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The Zero Gravity Research Facility at the NASA Glenn Research Center in Cleveland, Ohio is a unique facility designed to perform tests in a reduced gravity environment. It has successfully supported research for the United States manned spacecraft programs and numerous unmanned projects. The facility uses vertical drop tests in a vacuum chamber to investigate the behavior of components, systems, liquids, gases, and combustion in such circumstances.

Zero Gravity Research Facility
Zero Gravity Facility - GPN-2000-001454.jpg
Zero Gravity Research Facility is located in Cleveland
Zero Gravity Research Facility
Zero Gravity Research Facility is located in Ohio
Zero Gravity Research Facility
Zero Gravity Research Facility is located in the United States
Zero Gravity Research Facility
LocationGlenn Research Center, Cleveland, Ohio
Coordinates41°24′44″N 81°51′51″W / 41.41222°N 81.86417°W / 41.41222; -81.86417Coordinates: 41°24′44″N 81°51′51″W / 41.41222°N 81.86417°W / 41.41222; -81.86417
Built1966
ArchitectNASA
NRHP reference #85002801[1]
Significant dates
Added to NRHPOctober 3, 1985
Designated NHLOctober 3, 1985

The facility consists of a concrete-lined shaft, 28 feet (8.5 m) in diameter, that extends 510 feet (160 m) below ground level. A steel vacuum chamber, 20 feet (6.1 m) in diameter and 470 feet (140 m) high, is contained within the concrete shaft. The pressure in this vacuum chamber is reduced to 13.3 newtons per square meter (1.3×104 atm) before use. Test equipment is typically mounted in a cylindrical container, and has a maximum weight of 2,500 pounds (1,100 kg). Equipment dropped in the chamber experiences microgravity for about 5.15 seconds before landing in a deceleration cart filled with expanded styrofoam beads; it typically experiences 32g during deceleration, but may range up to 65g.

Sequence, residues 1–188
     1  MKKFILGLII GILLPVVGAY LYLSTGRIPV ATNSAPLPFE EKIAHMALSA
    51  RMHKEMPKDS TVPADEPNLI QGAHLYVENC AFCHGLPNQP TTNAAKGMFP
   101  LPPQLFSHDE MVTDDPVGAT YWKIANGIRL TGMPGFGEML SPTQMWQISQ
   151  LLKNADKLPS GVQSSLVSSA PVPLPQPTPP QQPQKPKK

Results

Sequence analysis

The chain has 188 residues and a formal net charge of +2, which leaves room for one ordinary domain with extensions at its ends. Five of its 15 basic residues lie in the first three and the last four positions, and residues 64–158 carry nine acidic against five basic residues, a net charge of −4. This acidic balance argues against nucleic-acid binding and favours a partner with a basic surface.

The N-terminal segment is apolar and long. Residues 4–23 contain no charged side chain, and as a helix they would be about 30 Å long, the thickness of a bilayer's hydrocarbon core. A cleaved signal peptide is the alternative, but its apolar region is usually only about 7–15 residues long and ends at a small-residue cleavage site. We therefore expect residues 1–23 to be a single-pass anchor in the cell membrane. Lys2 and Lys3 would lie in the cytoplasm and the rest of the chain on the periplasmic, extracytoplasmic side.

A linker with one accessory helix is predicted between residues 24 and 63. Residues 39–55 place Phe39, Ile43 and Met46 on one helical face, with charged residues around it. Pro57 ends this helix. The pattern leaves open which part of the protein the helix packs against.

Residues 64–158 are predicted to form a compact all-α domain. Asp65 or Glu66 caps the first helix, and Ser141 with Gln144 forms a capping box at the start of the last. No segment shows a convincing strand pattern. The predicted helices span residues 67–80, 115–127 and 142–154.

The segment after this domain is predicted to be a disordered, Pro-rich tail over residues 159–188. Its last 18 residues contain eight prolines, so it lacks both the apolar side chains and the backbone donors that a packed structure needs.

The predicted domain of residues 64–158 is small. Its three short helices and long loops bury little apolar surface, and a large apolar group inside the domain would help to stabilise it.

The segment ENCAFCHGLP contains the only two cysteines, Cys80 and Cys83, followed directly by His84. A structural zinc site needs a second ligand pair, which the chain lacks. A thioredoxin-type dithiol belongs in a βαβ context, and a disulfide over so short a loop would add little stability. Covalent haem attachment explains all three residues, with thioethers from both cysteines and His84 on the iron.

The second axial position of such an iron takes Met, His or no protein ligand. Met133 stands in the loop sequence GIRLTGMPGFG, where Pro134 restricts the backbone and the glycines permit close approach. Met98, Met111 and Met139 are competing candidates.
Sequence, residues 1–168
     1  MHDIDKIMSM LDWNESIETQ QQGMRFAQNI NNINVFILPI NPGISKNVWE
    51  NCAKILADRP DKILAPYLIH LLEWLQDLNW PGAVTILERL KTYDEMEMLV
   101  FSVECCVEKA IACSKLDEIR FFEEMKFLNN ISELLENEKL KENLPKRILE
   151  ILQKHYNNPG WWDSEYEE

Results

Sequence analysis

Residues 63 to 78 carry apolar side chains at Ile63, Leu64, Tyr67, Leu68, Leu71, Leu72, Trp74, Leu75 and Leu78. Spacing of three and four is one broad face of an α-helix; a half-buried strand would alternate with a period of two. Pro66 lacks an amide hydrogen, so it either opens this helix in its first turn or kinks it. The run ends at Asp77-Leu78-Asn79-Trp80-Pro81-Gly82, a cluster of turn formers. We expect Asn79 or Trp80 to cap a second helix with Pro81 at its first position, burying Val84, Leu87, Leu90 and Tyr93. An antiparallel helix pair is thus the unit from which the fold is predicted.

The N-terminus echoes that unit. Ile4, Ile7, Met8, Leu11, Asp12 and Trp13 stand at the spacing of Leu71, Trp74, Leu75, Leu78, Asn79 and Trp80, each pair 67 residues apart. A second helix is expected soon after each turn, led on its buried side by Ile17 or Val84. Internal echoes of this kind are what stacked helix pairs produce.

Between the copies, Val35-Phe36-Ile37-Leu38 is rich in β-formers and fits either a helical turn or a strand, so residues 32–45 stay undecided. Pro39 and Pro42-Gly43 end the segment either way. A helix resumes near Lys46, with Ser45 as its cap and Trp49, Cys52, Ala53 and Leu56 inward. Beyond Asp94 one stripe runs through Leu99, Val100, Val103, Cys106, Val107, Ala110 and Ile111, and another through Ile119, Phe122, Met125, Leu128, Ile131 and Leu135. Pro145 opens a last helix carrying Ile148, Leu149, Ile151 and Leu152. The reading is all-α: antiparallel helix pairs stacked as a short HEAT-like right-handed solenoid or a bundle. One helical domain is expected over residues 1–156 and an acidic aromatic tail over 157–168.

The service building at the top of the shaft contains a shop area, control room, and a clean room. Assembly, servicing, and balancing of the experiment vehicle are accomplished in the shop area. Tests are conducted from the control room, which contains controls for the "pump down" of the vacuum chamber, the experiment vehicle pre-drop checkout, release and the data retrieval system.[2]

HistoryEdit

The Zero Gravity Research Facility was built in 1966 as part of NASA's Centaur upper-stage rocket development program. In order to ensure proper firing and functioning of upper-stage rockets, NASA needed to understand the behavior of fluids (importantly, the liquid gases fueling the rockets), in the reduced gravity where they would fire. The facility was designated a National Historic Landmark in 1985 for its role in the early space program.[3]

ReferencesEdit

  1. ^ "National Register Information System". National Register of Historic Places. National Park Service. 2008-04-15.
  2. ^ "Zero-Gravity Research Facility". Man in Space: National Historic Landmark Theme Study. National Park Service. 2008-06-11.
  3. ^ "NHL nomination for Zero Gravity Research Facility". National Park Service. Retrieved 2018-04-13.

External linksEdit